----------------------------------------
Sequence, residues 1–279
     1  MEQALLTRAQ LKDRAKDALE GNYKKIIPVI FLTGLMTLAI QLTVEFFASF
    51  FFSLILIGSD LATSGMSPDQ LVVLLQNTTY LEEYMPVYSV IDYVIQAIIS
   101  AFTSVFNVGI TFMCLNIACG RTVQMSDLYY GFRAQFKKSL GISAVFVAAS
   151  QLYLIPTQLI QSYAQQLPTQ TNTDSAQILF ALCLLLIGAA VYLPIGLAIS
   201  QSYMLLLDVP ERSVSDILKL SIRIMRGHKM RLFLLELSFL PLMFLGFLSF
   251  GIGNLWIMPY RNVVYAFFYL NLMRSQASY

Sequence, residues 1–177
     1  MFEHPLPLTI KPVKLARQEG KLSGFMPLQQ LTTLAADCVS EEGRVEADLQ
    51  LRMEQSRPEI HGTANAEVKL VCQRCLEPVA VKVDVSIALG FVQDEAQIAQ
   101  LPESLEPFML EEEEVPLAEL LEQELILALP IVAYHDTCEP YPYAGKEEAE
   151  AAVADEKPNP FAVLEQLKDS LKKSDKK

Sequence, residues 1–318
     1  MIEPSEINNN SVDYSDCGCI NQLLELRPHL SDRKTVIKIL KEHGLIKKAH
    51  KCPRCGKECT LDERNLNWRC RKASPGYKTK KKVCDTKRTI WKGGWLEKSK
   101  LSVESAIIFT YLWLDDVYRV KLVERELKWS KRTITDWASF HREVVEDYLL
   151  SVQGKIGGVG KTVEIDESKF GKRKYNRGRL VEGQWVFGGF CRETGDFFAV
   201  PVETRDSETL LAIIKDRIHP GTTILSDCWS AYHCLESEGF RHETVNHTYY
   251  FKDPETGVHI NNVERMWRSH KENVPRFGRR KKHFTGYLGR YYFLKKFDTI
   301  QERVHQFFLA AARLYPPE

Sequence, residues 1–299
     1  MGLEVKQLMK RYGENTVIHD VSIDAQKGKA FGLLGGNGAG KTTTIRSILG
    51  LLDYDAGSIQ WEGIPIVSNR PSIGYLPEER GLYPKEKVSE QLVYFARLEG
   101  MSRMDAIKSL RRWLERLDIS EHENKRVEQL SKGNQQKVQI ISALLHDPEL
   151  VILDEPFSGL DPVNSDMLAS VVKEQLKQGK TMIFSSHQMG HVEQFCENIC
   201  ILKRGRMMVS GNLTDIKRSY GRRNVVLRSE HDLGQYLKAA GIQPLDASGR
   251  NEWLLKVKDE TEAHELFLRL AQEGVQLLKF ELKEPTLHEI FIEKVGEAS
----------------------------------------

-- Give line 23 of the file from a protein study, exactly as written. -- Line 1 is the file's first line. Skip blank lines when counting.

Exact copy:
    51  LLDYDAGSIQ WEGIPIVSNR PSIGYLPEER GLYPKEKVSE QLVYFARLEG